How to Setup a Null Printer on macOS
Why Use a Null Printer?
It can be extremely useful to have a print queue which, rather than printing itself, forwards prints on to one of a number of other printers. Setting this up in PaperCut is a snap; create a new printer, mark it as a “virtual queue” within PaperCut, and choose which “destination” print queues it can release to!
A virtual queue isn’t intended to ever actually print anything, but rather send its jobs on towards other queues which are associated with real, physical printers. Such functionality is instrumental for features like Find Me Printing, where users all print to the one print queue, but then release at the printer closest to them.
However, if for some reason the PaperCut Print Provider suddenly stops working on your print server, any virtual queues cease to be virtual, and they will instantly start behaving like normal printers. If a virtual print queue is associated with an actual printer, this could be very bad news! Any subsequent prints which a user intends to release securely to a printer in one location would instead come straight out at whatever printer the virtual queue is associated with.
So how do we avoid this? Thankfully, it’s a very simple fix. Instead of creating a virtual queue that points at an actual, physical printer, we make one that points… well, nowhere at all. All prints that are unintentionally released to such a queue will vanish without a trace; in other words, no pages will come out, nobody will get their hands on a document they shouldn’t see, and no paper is unnecessarily wasted!
To achieve this within a Windows printing environment, we recommend that your PaperCut virtual print queues be configured to use the “Nul” port. This way, errant prints will be dispatched to a port which isn’t connected to any device. You can read more about that process over here.
For macOS, the process is a little different…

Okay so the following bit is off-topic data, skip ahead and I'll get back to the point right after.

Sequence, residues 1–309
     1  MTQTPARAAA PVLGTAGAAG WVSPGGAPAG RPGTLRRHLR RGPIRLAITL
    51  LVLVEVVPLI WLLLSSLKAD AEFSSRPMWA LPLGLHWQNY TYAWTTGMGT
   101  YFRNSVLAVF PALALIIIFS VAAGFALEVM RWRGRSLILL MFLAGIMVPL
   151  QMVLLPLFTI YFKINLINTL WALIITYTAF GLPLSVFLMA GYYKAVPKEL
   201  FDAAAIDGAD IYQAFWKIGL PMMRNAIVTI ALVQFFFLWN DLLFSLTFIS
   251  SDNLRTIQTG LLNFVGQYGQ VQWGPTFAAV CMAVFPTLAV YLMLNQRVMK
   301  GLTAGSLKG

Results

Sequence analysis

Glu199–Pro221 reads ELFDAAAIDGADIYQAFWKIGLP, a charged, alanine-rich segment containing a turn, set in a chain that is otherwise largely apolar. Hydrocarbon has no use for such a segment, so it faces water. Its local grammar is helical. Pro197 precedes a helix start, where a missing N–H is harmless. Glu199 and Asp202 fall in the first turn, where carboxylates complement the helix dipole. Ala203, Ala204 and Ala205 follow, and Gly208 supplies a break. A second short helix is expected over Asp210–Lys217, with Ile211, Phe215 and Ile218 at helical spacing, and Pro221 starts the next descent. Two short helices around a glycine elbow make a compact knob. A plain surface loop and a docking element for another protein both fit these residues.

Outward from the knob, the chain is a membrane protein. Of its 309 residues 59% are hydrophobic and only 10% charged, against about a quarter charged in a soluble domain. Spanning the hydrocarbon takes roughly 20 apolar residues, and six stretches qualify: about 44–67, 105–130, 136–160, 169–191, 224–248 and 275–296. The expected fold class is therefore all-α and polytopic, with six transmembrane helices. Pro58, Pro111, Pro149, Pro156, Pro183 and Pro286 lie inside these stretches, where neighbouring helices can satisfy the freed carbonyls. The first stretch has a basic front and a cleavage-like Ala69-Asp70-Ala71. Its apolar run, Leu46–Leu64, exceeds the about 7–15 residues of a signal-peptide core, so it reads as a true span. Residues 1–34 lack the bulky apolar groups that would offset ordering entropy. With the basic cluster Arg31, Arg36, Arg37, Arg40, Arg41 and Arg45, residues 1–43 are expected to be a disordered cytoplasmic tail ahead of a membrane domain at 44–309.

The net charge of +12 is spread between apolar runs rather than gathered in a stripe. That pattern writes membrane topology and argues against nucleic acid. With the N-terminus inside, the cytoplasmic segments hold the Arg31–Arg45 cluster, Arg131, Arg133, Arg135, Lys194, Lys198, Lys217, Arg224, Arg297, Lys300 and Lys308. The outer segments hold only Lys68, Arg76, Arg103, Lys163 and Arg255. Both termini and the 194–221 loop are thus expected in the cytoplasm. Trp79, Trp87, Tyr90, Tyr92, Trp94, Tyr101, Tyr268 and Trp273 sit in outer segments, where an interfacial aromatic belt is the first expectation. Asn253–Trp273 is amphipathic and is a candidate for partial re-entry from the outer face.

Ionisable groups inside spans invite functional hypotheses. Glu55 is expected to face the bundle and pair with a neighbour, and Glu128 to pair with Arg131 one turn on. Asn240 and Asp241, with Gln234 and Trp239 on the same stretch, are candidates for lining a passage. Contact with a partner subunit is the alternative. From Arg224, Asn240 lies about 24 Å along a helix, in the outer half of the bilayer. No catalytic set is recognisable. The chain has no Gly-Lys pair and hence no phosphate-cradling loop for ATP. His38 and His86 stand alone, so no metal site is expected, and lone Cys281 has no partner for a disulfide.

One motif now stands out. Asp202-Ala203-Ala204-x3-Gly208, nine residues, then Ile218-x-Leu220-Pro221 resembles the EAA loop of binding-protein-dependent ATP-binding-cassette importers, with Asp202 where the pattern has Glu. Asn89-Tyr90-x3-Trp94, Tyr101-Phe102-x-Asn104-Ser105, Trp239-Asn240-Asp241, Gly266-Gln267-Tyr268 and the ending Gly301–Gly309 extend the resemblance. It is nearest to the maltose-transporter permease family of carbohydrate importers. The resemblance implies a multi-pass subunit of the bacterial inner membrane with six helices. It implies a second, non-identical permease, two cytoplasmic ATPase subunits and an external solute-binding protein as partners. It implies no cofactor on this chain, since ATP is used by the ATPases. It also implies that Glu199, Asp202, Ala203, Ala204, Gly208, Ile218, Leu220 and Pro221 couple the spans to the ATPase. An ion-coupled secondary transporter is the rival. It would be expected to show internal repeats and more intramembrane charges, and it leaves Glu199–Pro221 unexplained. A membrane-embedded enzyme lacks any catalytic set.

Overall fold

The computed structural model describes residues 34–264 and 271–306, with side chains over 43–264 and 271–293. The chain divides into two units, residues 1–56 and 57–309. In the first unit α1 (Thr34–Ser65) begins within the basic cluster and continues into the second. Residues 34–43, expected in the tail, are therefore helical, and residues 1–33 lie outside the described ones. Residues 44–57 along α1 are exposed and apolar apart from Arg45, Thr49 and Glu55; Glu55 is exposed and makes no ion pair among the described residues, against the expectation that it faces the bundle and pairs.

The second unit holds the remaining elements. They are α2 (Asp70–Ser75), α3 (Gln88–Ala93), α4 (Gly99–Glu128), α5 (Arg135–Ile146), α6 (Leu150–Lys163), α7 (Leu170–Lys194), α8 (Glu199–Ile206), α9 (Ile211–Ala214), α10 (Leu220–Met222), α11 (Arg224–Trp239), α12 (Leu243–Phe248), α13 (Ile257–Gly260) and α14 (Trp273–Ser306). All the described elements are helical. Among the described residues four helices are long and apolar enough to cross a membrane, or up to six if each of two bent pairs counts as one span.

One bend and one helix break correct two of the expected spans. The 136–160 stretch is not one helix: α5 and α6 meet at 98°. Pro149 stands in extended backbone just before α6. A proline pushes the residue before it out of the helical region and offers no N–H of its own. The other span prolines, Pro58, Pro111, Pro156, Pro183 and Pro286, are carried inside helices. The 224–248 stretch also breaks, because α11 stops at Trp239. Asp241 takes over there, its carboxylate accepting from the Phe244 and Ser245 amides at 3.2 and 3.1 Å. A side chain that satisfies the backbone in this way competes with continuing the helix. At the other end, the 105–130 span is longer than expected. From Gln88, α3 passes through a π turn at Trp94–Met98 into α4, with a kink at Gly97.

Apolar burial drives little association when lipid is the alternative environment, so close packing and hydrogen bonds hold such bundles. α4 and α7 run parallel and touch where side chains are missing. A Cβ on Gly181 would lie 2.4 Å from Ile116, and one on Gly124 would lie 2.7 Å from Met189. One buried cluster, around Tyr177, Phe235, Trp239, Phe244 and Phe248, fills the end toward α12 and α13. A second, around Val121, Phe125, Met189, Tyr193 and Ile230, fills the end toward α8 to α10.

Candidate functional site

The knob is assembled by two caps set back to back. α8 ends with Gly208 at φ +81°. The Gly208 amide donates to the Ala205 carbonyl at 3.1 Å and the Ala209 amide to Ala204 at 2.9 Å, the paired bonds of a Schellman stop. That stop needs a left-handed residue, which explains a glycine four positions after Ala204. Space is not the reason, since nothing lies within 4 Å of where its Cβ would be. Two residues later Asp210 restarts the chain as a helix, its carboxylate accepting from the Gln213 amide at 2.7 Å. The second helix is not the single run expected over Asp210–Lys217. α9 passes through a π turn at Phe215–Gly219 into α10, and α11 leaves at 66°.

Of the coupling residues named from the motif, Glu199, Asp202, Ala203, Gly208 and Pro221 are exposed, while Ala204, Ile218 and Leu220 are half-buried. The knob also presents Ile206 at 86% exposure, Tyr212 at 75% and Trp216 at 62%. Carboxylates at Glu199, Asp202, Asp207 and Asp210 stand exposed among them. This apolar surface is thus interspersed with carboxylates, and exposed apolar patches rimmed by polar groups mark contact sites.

Setting Up a macOS Null Printer
- Create the null printer via the CUPS web interface on your macOS print server. Logon to the server, open up a web browser, and enter in the following URL:
- You may then see the following prompt…
If you do, open a Terminal window, and run the noted command:
- Once that’s done, jump back to your browser (the CUPS web interface tab) and reload the page. Once the CUPS web interface is displayed, head into the Administration tab > then click the Add Printer button:
- Choose the connection type for the nul printer. We don’t really want any of the ones listed here, so for now, just select
AppSocket/HP JetDirectand then click Continue.
- Enter the “connection” string for the device (this part is the trick!)
Copy and paste the following into the Connection field then click Continue
- The name and other details are next. In my example, I’ve used a name of “nul”, but this can be whatever you like, and with whatever description you please. I’ve also preemptively chosen to “Share This Printer” before clicking to “Continue”!
- Finally, select the driver to use.
For most setups, this should be the same driver used by the destination print queues you intend the virtual queue to forward to, but another good option is to use one of the highly generic, broadly compatible drivers built right in to CUPS… and they don’t come much more generic than the
Generic PostScript Printerdriver! Select Generic for the “Make” > click Continue > then select Generic PostScript Printer (en) for the “Model” > then click to Add Printer.
- The null printer has now been added your macOS print server!
- Run the
Control Print Monitoring.commandscript found in the PaperCut installation directory on the server in order to enable tracking for this new queue.
- (Optionally) you can also choose to change the Queue type to
This is a virtual queue (jobs will be forwarded to a different queue)via the options found on the Printer Details page in the PaperCut administration console.
Select the relevant destination queues using the “Job Redirection Settings” found just below, and you’re all set!
- If PaperCut tracking is enabled for a null printer but the queue has not yet been configured to be virtual, sending print jobs through to it may cause errors. If this happens, change the queue type to virtual via the PaperCut administration console, and delete any stuck jobs from the queue via CUPS.
- When used on a virtual queue, the administrator should take into consideration the Failure Mode Settings. If set to Mode 1 or 2, the virtual queue will delete all print data sent to it during a failure preventing communication between the Application Server and the Print Provider on the virtual queue’s print server.
Categories: How-to Articles, Find Me Printing
Keywords: /dev/null, /dev/nul, fake printer port, null printer, zono,